Developer / Publisher – nDreams
Price – US $29.99 / CAN 34.99 / EU €29.99 / UK £22.99
Release Date – July 4th, 2023
Input – 2 x Motion Controllers
Play Area – Seated, Standing
Store Links – PlayStation
Reviewed on – PSVR 2
Synapse is a rogue lite shooter from the minds over at NDreams that made me feel like John Wick with force powers. And no, that’s not just YouTuber-style click bait propaganda, it really is that cool. A PSVR 2 exclusive, Synapse is uniquely designed to take full advantage of PSVR 2’s eye tracking capabilities and dual sense controllers. This is a VR game that could currently only be possible on the PSVR 2 headset, and I’m calling this must own VR for anyone who loves shooters and Rogue lite game loops, so stick around and I’ll tell you why.
In the world of Synapse, Colonel Peter Conrad and his Consortium have planned a devastating world ending biological attack. Your operative group has tracked him down, but the details of his plan are still unknown. You enter into his mind, Animus-style, on a mission to reach deep into his subconscious and attempt to uncover the secrets of his plan and take him down. Of course, you are not a welcome guest in his head, and as such he fights back with an assortment of conjured up enemies bent on eradicating you.
Synapse is through and through a Rogue lite and your attack into Conrad’s mind is broken up into 3 primary sections. The first section is Conrad’s preconscious which itself consists of 3 stages concluding with a sub boss fight that isn’t easy. Next up is his conscious mind which also consists of 3 levels and another sub boss that kicked my ass. Finally, the last stage is Conrad’s subconscious and the final boss fight is against the man himself. Now this might not seem like a long game, and you might think you are in for a short 2 to 3 hour campaign like NDreams last PSVR exclusive Fracked, but in true Rogue Lite fashion, love it or hate it, Synapse is going to take players somewhere between 8 and 12 hours to complete. Thankfully levels here are handcrafted, so you won’t be feeling that generic quality to the level designs that so many rogue lites suffer from. To keep things fresh, enemy placements and various power up stations (shrines) do change, so while you can memorize map layout, you won’t be able to simply walk through stages on auto pilot.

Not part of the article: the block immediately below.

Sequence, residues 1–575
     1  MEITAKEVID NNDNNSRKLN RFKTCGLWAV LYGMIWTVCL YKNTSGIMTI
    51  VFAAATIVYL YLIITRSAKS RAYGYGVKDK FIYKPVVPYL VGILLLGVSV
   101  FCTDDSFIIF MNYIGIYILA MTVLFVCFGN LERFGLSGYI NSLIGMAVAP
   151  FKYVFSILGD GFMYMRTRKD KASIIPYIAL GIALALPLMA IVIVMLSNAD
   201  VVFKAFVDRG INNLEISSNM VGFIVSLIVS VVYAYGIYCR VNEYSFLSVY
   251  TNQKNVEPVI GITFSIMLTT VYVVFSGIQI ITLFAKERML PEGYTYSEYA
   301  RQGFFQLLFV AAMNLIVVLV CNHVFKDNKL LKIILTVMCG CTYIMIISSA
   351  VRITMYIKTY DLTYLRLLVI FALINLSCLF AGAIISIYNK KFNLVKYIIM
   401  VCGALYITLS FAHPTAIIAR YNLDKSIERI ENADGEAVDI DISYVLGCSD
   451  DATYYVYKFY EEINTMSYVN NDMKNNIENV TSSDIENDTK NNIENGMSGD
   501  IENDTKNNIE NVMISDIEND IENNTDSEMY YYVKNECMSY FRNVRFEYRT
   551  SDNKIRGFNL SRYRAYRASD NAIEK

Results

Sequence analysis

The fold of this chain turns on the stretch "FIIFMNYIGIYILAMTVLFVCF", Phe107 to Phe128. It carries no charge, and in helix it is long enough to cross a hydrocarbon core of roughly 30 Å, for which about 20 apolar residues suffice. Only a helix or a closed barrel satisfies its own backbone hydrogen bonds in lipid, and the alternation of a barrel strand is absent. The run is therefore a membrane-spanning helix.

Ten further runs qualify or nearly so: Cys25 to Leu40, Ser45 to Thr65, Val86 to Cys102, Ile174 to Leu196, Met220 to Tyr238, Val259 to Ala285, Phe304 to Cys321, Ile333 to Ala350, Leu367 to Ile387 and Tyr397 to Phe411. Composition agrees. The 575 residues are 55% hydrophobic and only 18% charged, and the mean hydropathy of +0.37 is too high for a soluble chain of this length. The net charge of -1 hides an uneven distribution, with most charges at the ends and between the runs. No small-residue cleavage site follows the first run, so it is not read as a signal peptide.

As expected, you start out in Synapse pretty weak. Armed with only a handgun, a handy mini map and your basic telekinesis powers, you’re likely to get your ass kicked after only a few levels. Enemies come in a combination of those who populate certain parts of a stage as well as additional waves that will spawn in random locations to continue the fight. These spawns, when combined with the fact that some enemies can teleport, meant I was always on the move, rarely just hiding behind cover. In fact, Synapse seems to have been developed specifically to encourage player movement and finding a combat flow. Downed enemies have a chance to drop ammo and something the game calls Defiance. Defiance is essentially your in-game currency and allows you to buy certain character buffs in addition to health and ammo at shrines found randomly in the game’s stages. Defiance and purchased shrine upgrades only last for the duration of your current run and are lost upon death. However, not all is lost, as Synapse has a vast number of in-game achievements connected through a sort of upgrade tree. Active achievements are shown in the game’s pause menu so you can track your progress during a run. When completed they can be redeemed in the game’s staging areas prior to a run and then be used as upgrade points to spend on permanent player upgrades that will significantly boost your capabilities and your chances for survival. Upgrades are split up into 3 categories, that of Survivor, Assassin and Tactician. Tactician is your telekinesis powers, and consequently the part of Synapse that truly takes the game from simply just another typical rogue lite and makes it truly something special.
The gunplay here is also fantastic, and if you played NDreams prior title, Fracked, than you will have a pretty good idea of what to expect. Ndreams have taken the best parts of Fracked – its fast and fluid gunplay and slick cover mechanics – and leveled them up for next gen hardware and analog sticks. Just like Fracked, cover is taken by physically grabbing the world and pulling, giving players a real dynamic sense of control in how they take cover. Click turning is an option for those who don’t do smooth turning, but running and moving quickly are staples in Synapse, so know that going in if you don’t yet have your VR legs. New weapons can be picked up at weapon shrines scattered around certain levels and offer players a choice between 2 different weapons, which often include a higher level version of the one they have currently equipped. Weapons on offer besides the standard starting pistol consist of a submachine gun, shotgun and grenade launcher, all of which must first be unlocked in the assassin upgrade tree before they can appear in the game world. All of these guns felt awesome in their own right with reloads being done by slamming in the mag with your hand, your body, or even the environment. In addition each weapon lends itself to a different type of attack style and allows players to attack the game the way they want. For example the shotgun is powerful up close but weak at range, meaning players must engage in some close quarters combat and often rely more heavily on their telekinesis powers to bridge those distances. The hand gun can be used more at range, favoring those who want to rely more on simple gunplay. Similarly the submachine is a shooter’s paradise, but burns through precious ammo. Finally, the grenade launcher can be devastating with its area of damage, but can be lethal to players when shooting close quarters, making telekinesis a must. Ammo conservation matters here and can’t be wasted. Weapons feel powerful, balanced and often gave me some strong John Wick vibes as I powered through levels dropping enemies like a boss. However, your Telekinesis powers (especially once they are leveled up a bit) essentially make you feel like John Wick with Jedi Force powers, and that my friends is why I love VR so much. Synapse simply couldn’t be done as a flat game, and honestly probably not on any other current VR headset either.